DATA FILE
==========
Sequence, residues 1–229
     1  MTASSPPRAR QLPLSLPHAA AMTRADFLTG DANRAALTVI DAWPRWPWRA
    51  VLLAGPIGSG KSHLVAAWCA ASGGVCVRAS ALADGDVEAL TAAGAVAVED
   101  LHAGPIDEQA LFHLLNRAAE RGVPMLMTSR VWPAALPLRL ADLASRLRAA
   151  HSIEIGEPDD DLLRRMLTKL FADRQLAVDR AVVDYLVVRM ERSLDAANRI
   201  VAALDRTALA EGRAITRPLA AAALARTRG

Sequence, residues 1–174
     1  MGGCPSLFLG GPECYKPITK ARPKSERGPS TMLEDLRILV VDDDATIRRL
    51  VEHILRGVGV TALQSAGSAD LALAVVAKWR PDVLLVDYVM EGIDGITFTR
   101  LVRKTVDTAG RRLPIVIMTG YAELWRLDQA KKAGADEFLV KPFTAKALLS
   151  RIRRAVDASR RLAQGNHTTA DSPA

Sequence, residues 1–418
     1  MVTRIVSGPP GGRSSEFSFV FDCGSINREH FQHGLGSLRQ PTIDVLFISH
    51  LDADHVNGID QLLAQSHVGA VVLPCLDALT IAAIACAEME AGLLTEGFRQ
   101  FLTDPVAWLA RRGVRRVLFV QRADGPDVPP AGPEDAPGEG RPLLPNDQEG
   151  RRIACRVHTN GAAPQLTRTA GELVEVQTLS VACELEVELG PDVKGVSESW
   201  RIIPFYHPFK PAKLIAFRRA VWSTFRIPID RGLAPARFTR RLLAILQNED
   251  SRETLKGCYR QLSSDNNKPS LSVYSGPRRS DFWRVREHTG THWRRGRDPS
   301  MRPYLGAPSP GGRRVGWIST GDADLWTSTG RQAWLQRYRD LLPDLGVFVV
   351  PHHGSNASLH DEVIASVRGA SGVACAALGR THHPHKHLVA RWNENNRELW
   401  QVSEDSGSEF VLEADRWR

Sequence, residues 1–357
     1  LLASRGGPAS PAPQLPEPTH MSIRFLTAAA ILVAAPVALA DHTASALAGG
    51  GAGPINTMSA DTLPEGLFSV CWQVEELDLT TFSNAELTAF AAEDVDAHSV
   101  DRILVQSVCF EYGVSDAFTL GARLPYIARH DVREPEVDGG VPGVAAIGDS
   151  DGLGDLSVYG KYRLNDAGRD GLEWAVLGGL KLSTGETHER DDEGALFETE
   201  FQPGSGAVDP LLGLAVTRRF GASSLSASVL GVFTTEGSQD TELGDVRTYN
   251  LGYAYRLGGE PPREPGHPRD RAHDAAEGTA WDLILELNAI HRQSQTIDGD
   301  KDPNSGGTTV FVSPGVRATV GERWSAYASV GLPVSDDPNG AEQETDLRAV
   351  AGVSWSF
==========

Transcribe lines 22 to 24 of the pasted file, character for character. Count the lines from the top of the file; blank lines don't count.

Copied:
Sequence, residues 1–357
     1  LLASRGGPAS PAPQLPEPTH MSIRFLTAAA ILVAAPVALA DHTASALAGG
    51  GAGPINTMSA DTLPEGLFSV CWQVEELDLT TFSNAELTAF AAEDVDAHSV